Baldwin, James. Another Country. 1962. A genius of American fiction, this is one of Baldwin’s most eloquent statements about the intersection of race and class.
Ellison, Ralph. The Invisible Man. 1952. A classic novel about the manner in which we refuse to see each other and the effects this has on our lives.
Erdrich, Louise. Love Medicine. 1984. Lends insight into life on and off Native American reservations.
Grimsley, Jim. My Drowning. 1998. An evocative, uncompromising account of a hardscrabble childhood in rural North Carolina in the 1940s.
Islas, Arthur. Migrant Souls. 1990. A tale of the conflicts of a Latino family in south Texas.
Morgan, Robert. Gap Creek: A Story of a Marriage. 1999. A view of life at the turn of the century and the strength and grit required to gather, make and prepare food and the utter dependence upon nature.
Morrison, Toni. The Bluest Eye. Beloved. Jazz. 1972. Any work by Morrison speaks to the soul of our nation’s character, dealing with the issues of race, class, and gender, as well as the basic struggles of human existence.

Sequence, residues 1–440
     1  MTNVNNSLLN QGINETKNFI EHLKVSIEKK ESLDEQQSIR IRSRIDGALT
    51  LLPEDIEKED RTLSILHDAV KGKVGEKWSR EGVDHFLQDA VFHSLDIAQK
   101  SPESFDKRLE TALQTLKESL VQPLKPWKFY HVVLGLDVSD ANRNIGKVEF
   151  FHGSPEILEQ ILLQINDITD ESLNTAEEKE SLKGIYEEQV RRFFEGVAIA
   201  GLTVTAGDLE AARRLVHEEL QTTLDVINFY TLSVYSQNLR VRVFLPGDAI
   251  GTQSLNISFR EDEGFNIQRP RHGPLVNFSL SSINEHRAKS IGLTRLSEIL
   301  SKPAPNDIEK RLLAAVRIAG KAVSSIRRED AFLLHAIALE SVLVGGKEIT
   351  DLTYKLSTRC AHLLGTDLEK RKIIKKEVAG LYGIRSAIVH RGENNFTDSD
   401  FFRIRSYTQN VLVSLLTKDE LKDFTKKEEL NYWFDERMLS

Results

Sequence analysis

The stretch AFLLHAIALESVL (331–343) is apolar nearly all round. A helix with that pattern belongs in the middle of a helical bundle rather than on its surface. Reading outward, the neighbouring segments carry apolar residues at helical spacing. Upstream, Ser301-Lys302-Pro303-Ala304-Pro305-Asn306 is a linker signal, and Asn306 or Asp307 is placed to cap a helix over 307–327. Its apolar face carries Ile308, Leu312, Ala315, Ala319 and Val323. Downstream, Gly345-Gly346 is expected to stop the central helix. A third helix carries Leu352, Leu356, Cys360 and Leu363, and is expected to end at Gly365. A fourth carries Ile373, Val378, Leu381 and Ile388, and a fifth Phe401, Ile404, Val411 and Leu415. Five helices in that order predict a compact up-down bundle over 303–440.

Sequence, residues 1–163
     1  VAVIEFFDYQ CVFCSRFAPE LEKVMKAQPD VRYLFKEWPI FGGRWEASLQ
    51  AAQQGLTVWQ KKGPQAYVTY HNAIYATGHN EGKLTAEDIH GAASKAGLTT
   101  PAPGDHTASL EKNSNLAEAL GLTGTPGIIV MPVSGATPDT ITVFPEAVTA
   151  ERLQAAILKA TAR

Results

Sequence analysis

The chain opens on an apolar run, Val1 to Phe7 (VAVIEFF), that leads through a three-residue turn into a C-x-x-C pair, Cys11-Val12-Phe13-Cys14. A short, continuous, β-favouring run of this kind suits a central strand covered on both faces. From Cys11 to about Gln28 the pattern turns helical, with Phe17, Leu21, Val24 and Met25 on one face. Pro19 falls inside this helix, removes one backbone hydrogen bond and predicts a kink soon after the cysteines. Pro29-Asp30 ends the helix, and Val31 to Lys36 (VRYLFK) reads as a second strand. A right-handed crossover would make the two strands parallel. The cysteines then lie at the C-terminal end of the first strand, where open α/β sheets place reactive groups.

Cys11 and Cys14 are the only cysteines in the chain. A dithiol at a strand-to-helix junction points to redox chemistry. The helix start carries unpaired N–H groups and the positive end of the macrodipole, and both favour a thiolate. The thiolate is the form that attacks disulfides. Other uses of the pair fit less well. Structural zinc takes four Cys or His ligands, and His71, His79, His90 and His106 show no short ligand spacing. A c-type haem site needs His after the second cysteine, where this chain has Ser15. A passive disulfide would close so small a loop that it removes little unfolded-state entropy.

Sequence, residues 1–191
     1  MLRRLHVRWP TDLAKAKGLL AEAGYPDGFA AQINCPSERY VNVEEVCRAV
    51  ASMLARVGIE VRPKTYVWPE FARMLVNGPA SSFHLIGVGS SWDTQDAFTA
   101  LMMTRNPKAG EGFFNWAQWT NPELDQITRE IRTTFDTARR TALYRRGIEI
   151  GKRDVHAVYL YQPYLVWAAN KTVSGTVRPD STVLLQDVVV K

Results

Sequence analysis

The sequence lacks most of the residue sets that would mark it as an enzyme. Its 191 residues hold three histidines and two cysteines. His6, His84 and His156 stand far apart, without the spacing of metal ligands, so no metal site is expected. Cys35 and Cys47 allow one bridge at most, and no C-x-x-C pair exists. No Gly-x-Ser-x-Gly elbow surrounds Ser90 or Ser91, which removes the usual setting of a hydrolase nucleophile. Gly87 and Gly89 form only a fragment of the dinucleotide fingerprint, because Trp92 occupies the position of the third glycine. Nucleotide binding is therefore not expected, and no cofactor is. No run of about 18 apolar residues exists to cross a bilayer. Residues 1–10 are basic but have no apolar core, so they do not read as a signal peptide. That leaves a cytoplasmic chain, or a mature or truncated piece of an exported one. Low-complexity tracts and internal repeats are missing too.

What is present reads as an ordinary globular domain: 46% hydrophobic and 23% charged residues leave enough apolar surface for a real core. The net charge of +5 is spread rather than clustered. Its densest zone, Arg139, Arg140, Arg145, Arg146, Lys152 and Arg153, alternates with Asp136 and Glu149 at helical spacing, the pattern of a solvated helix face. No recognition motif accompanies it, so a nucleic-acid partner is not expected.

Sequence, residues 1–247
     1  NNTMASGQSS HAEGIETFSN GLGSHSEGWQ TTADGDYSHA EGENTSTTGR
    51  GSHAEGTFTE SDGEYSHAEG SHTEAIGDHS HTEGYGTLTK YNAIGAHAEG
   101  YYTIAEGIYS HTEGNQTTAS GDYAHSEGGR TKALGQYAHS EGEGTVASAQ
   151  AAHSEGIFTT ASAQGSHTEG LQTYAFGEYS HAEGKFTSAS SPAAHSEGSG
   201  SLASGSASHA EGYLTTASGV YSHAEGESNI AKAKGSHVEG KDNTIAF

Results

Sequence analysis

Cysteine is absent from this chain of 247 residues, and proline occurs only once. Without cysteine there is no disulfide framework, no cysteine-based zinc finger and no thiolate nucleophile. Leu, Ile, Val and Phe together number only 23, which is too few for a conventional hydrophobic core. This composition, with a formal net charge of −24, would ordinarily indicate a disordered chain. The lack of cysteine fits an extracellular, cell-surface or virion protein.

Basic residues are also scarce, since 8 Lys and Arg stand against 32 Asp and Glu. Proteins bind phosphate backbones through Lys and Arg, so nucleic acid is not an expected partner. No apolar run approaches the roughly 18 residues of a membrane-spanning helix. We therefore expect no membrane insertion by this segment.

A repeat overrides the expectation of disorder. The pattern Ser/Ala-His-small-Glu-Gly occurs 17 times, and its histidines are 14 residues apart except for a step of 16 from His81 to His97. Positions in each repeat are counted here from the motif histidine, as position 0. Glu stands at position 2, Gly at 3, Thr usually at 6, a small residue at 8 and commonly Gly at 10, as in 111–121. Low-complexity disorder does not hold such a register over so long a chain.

Mukherjee, Bharati. The Middleman. 1988. A National Book Critics Circle award winner about recent immigrants’ struggle to survive in the United States.
Abramsky, Sasha. Breadline USA: The Hidden Scandal of American Hunger and How to Fix It. 2009. The author combines an account of his own seven-week experiment in living on a poverty budget with moving vignettes of men and women who have fallen through society's frayed safety net and are suffering from food insecurity.
Beckmann, David and Simon, Art. Grace at the Table: Ending Hunger in God’s World. 2002. A primer on the causes of international hunger.
Berg, Joel. All You Can Eat: How Hungry Is America? 2008. Berg, executive director of the New York City Coalition Against Hunger, spotlights domestic poverty and hunger in this book that has sharp words for politicians, charities and religious denominations. The author reveals how consistently the federal government has ignored hunger in the United States.